Letter | Published:

Controlling protein assembly on inorganic crystals through designed protein interfaces

Abstract

The ability of proteins and other macromolecules to interact with inorganic surfaces is essential to biological function. The proteins involved in these interactions are highly charged and often rich in carboxylic acid side chains1,2,3,4,5, but the structures of most protein–inorganic interfaces are unknown. We explored the possibility of systematically designing structured protein–mineral interfaces, guided by the example of ice-binding proteins, which present arrays of threonine residues (matched to the ice lattice) that order clathrate waters into an ice-like structure6. Here we design proteins displaying arrays of up to 54 carboxylate residues geometrically matched to the potassium ion (K+) sublattice on muscovite mica (001). At low K+ concentration, individual molecules bind independently to mica in the designed orientations, whereas at high K+ concentration, the designs form two-dimensional liquid-crystal phases, which accentuate the inherent structural bias in the muscovite lattice to produce protein arrays ordered over tens of millimetres. Incorporation of designed protein–protein interactions preserving the match between the proteins and the K+ lattice led to extended self-assembled structures on mica: designed end-to-end interactions produced micrometre-long single-protein-diameter wires and a designed trimeric interface yielded extensive honeycomb arrays. The nearest-neighbour distances in these hexagonal arrays could be set digitally between 7.5 and 15.9 nanometres with 2.1-nanometre selectivity by changing the number of repeat units in the monomer. These results demonstrate that protein–inorganic lattice interactions can be systematically programmed and set the stage for designing protein–inorganic hybrid materials.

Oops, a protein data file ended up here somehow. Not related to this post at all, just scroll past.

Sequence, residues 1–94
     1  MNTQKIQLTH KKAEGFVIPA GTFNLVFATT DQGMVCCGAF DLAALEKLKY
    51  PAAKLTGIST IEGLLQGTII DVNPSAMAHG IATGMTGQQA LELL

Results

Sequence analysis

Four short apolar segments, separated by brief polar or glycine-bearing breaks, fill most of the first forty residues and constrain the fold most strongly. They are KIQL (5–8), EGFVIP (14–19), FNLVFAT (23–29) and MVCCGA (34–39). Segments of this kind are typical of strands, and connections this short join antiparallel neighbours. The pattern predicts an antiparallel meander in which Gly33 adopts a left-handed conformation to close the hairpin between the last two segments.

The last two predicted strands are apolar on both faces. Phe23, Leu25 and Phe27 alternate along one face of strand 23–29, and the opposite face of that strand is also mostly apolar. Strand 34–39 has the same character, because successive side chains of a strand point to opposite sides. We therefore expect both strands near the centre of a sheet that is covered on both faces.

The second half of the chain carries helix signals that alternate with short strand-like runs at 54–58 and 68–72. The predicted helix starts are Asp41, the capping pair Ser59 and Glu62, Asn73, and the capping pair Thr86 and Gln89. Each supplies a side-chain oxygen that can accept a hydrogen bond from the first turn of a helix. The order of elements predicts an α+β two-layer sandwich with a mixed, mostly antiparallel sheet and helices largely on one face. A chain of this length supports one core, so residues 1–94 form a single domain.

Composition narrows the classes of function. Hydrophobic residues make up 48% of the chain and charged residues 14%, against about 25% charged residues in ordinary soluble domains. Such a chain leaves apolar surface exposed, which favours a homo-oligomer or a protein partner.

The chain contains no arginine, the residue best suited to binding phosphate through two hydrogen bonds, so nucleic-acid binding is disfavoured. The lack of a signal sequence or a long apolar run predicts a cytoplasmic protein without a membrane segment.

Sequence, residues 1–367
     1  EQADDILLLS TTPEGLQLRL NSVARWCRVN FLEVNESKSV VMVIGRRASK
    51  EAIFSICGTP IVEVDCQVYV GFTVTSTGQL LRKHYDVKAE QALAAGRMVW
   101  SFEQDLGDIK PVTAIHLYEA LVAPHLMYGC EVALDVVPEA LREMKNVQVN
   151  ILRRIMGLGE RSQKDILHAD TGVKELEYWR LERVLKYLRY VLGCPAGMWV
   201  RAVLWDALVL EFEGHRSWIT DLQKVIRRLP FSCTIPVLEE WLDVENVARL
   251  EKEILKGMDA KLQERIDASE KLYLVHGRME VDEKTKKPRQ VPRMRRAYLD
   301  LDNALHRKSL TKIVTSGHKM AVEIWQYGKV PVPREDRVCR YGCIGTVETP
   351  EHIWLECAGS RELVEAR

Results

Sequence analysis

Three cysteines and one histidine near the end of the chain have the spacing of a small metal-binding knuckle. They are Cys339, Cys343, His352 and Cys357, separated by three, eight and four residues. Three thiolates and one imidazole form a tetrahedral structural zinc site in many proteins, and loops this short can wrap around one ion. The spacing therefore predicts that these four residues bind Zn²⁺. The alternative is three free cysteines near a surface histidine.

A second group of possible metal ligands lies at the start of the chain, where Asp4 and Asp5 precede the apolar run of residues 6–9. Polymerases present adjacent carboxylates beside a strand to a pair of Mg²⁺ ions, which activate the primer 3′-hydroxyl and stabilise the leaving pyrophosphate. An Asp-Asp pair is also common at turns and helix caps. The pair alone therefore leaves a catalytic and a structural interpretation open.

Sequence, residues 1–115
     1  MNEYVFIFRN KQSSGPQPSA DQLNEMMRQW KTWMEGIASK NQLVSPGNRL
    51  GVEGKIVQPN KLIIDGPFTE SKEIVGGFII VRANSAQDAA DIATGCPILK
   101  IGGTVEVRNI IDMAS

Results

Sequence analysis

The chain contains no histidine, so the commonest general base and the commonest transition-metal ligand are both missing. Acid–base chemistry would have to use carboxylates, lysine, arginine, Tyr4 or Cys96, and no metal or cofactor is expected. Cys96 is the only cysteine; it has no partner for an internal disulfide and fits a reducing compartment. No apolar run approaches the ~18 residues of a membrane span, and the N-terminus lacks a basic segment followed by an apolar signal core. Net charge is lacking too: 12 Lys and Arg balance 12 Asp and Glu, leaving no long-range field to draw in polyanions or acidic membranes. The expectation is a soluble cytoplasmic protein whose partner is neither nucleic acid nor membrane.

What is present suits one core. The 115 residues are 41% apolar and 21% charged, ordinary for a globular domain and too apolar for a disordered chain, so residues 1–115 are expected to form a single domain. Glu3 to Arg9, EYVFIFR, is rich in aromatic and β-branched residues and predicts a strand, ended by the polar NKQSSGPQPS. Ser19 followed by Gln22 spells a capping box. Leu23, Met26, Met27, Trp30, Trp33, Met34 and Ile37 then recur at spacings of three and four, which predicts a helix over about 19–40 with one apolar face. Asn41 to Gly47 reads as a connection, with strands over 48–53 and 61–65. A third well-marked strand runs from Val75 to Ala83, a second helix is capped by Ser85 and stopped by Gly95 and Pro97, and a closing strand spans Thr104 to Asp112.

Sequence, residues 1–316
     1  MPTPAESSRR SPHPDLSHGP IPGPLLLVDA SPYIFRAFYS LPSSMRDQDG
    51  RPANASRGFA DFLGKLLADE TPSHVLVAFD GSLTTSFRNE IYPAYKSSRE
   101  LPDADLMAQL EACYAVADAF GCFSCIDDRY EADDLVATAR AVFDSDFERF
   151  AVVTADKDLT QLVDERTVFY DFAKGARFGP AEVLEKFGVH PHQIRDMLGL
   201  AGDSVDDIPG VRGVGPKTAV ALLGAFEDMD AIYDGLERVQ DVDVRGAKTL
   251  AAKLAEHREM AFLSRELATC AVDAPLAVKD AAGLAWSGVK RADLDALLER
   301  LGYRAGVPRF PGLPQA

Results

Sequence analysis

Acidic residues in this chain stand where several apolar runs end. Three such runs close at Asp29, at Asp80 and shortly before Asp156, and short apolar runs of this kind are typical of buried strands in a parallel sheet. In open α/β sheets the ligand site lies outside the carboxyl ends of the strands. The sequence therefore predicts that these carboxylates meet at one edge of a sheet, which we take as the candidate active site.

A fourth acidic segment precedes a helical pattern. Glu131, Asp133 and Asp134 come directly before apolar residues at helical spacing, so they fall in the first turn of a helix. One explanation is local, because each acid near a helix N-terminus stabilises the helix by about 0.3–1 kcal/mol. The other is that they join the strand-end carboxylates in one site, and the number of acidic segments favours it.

Access optionsAccess options

Rent or Buy article

Get time limited or full article access on ReadCube.

from$8.99

All prices are NET prices.

Data availability

Design models in PDB format are available on Github (https://github.com/pylesharley/DHR10micaX/tree/master/rosetta_models). Source data for Supplementary Figs. 26 are provided with the paper. All other data not included in the manuscript are available upon reasonable request from the corresponding authors.

Code availability

The Rosetta Macromolecular Modelling suite is available for non-commercial use at (https://www.rosettacommons.org). The specific Rosetta applications used were Rosetta Scripts46, Remodel47, and Pyrosetta48. Foldit33, a graphic user interface to Rosetta, was used as well. PyMOL49 was used to view the design models and prepare input files for Rosetta protocols.

A Github repository (https://github.com/pylesharley/DHR10micaX) contains the Rosetta protocols, input files and Python scripts used to model the protein assembles on mica, and corresponding README.txt files with instructions.

References

  1. 1.

    Sodek, J., Ganss, B. & McKee, M. D. Osteopontin. Crit. Rev. Oral Biol. Med. 11, 279–303 (2000).

  2. 2.